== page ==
By increasing the number of nest spots and nesting partners available around the hedge, the scientists discovered the helper wasps provide less help to their own ‘bosses’ (the dominant breeders) when alternative nesting options are available. The dominant wasps then compete to give the helper wasps the ‘best deal’, by allowing them to work less hard, to ensure they stay in their particular nest.

The scientists state this shows for the first-time that supply and demand theory can be used to understand helping behaviour in social insects. Traditionally scientists thought that factors within social groups, such as number of helpers and genetic relatedness, are what predominantly influences helping behaviour. However the new findings from the University of Sussex researchers show that market forces in the whole population, such as the supply of outside options, can be used to predict insect behaviour.

Dr Lena Grinsted, from the University of Sussex, said: “It is remarkable to discover that simply changing the wasps’ surrounding social environment has a clear effect on cooperative behaviour within groups.

“Our findings reveal intriguing parallels between wasp populations and our own business world: a bad deal is better than no deal, so when competition increases so does the risk that you have to accept a lower price for what you offer.

“Market forces can clearly affect trade agreements in nature, as they can in human markets: with a larger number of trading partners available, you can negotiate better trade deals.”

Story Source:

Materials provided by University of Sussex. Note: Content may be edited for style and length.

Journal Reference:

  1. Lena Grinsted, Jeremy Field. Market forces influence helping behaviour in cooperatively breeding paper wasps. Nature Communications, 2017; 8: 13750 DOI: 10.1038/ncomms13750

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2017: Arctic Sea Ice Extent Largest in Three Years

Written by Tony Heller

Desperate to keep their fraudulently obtained funding coming in, climate experts continue to insist that the Arctic is hot and rapidly melting.

The exact opposite is occurring. Arctic sea ice is growing very fast, and is now higher than 2015 and 2016.

Ocean and Ice Services | Danmarks Meteorologiske Institut

The ice edge is close to the 1981-2010 mean.


Greenland is blowing away all records for ice gain this winter, having gained nearly 450 billion tons of ice since September 1.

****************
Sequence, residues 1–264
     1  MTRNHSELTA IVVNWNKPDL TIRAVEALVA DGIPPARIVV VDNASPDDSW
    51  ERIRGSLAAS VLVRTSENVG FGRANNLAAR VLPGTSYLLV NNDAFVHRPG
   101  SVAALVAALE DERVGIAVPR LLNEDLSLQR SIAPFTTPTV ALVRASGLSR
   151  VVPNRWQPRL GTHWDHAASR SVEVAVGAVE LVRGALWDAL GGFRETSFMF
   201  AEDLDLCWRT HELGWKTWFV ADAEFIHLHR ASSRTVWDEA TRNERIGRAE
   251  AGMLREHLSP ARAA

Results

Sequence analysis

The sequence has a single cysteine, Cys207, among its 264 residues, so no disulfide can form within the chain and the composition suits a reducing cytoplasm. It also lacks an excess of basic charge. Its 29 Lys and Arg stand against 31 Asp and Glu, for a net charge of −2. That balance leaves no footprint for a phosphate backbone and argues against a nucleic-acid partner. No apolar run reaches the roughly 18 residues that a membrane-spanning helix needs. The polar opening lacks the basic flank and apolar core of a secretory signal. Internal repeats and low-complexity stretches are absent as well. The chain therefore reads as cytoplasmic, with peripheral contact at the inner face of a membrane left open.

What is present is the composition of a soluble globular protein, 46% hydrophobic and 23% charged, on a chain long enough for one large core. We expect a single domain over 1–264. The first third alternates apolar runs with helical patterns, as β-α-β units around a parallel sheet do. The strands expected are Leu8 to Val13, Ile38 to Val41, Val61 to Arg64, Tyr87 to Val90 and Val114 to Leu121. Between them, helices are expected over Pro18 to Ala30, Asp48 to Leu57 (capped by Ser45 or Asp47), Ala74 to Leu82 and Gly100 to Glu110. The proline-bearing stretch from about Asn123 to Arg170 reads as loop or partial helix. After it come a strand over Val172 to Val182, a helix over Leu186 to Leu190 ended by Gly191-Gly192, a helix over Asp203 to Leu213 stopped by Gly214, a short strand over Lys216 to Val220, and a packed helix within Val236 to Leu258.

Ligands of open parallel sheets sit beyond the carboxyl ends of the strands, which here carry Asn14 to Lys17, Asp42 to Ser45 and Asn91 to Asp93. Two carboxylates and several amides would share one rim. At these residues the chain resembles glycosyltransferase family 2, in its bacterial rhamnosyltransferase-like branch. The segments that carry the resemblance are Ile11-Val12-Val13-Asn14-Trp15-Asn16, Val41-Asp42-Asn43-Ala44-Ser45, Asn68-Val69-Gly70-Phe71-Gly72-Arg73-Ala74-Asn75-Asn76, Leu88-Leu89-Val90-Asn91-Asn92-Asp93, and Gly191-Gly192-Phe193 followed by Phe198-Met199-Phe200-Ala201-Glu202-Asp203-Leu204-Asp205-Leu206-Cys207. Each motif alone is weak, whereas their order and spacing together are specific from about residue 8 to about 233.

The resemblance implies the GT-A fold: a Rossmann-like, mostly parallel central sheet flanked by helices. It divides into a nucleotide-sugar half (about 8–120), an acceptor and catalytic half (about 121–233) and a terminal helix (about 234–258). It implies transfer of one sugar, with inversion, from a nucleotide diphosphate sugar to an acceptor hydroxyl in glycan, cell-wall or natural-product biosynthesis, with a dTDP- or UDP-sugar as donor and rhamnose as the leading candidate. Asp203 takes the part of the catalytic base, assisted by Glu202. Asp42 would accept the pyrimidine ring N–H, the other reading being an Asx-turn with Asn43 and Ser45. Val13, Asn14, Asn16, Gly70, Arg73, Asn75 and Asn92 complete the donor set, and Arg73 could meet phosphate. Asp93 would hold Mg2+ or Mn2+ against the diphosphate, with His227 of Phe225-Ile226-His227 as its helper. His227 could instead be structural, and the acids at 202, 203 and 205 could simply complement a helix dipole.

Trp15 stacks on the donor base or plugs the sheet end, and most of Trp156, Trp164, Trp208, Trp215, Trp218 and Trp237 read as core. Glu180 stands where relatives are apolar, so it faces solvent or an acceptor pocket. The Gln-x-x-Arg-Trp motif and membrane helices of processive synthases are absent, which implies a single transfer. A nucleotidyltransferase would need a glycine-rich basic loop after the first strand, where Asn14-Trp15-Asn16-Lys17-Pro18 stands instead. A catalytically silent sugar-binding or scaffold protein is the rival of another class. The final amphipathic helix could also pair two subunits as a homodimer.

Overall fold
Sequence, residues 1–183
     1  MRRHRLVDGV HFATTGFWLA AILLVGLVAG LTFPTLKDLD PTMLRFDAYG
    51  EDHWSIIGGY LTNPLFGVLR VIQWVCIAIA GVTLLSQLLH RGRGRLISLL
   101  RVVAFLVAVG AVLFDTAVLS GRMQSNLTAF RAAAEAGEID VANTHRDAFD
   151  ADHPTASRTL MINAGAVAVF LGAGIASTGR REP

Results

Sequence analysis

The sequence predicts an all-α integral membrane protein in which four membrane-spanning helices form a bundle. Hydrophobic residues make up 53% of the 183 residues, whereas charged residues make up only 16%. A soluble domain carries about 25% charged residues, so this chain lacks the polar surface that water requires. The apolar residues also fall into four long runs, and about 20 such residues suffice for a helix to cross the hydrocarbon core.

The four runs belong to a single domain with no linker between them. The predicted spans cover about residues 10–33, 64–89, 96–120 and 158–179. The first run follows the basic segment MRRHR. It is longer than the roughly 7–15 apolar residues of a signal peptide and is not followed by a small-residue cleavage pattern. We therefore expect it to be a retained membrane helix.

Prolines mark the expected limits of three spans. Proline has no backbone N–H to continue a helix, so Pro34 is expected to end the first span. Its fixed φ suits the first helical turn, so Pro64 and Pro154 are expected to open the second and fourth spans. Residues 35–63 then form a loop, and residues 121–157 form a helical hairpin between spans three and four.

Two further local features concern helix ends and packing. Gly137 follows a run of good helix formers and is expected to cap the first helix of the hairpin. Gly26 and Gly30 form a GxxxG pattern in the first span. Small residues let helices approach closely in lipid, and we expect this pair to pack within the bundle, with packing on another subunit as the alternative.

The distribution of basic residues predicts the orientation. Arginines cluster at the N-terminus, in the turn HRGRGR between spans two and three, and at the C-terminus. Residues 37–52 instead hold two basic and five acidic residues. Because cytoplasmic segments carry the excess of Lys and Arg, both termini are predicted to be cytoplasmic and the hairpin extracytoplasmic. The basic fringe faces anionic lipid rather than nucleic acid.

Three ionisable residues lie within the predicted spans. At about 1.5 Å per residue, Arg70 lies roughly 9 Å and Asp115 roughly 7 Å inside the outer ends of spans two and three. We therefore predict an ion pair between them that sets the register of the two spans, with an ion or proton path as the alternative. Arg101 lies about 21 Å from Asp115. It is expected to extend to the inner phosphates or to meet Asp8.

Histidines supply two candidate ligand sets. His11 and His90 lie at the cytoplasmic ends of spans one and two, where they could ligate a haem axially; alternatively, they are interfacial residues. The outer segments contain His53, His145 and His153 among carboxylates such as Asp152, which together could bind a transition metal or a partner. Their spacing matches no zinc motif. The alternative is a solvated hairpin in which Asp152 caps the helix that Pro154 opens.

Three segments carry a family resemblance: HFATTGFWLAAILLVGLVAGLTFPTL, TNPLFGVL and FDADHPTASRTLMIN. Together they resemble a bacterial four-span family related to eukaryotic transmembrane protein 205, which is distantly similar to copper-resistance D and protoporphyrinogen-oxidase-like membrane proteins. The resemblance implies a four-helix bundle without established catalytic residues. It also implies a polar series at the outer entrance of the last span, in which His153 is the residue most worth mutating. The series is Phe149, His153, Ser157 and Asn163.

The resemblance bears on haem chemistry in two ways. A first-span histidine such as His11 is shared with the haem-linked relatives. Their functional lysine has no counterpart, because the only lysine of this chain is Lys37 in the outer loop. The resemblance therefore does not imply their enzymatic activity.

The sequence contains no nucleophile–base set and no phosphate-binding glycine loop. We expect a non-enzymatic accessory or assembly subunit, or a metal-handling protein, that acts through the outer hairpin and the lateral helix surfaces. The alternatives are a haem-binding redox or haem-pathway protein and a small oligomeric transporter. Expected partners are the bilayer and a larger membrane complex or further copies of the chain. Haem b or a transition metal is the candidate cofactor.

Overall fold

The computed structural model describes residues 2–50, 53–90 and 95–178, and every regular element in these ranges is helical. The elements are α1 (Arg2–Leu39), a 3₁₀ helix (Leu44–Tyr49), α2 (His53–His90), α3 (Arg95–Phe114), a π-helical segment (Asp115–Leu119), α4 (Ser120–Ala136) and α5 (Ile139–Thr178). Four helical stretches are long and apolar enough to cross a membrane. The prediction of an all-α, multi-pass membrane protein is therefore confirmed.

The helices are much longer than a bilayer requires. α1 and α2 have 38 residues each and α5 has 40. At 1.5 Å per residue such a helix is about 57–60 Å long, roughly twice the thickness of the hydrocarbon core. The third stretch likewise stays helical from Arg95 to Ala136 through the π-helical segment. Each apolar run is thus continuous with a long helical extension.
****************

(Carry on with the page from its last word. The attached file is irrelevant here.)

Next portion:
Greenland Ice Sheet Surface Mass Budget: DMI

Global warming is the biggest scam in science history.


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New Paper: 14 Scientists Affirm the Sun, Not CO2, is ‘Dominant Control’ of Recent Climate Change

Written by Kenneth Richard

One of the oft-stated “truths” for advocates of the position that humans are predominantly responsible for climate changes is that the Sun could not have played more than a negligible role in the global warming of the last few centuries. Indeed, the latest Intergovernmental Panel on Climate Change (IPPC) report theorizes that the long-term solar contribution to climate change has been slightly above zero.

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New Study: CO2 emissions reduced risk of flooding in Africa

Written by Hannah R Parker, Fraser C Lott et al.

Abstract: In 2012, heavy rainfall resulted in flooding and devastating impacts across West Africa. With many people highly vulnerable to such events in this region, this study investigates whether anthropogenic climate change has influenced such heavy precipitation events.

We use a probabilistic event attribution approach to assess the contribution of anthropogenic greenhouse gas emissions, by comparing the probability of such an event occurring in climate model simulations with all known climate forcings to those where natural forcings only are simulated.

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Cosmic Radiation ‘Clouds’ Penetrating as low as Commercial Flight Altitudes

Written by Tony Phillips

A new study published in the peer-reviewed journal Space Weather reports the discovery of radiation “clouds” at aviation altitudes. When airplanes fly through these clouds, dose rates of cosmic radiation normally absorbed by air travelers can double or more.

“We have flown radiation sensors onboard 264 research flights at altitudes as high as 17.3 km (56,700 ft) from 2013 to 2017,” says Kent Tobiska, lead author of the paper and PI of the NASA-supported program Automated Radiation Measurements for Aerospace Safety (ARMAS). “On at least six occasions, our sensors have recorded surges in ionizing radiation that we interpret as analogous to localized clouds.”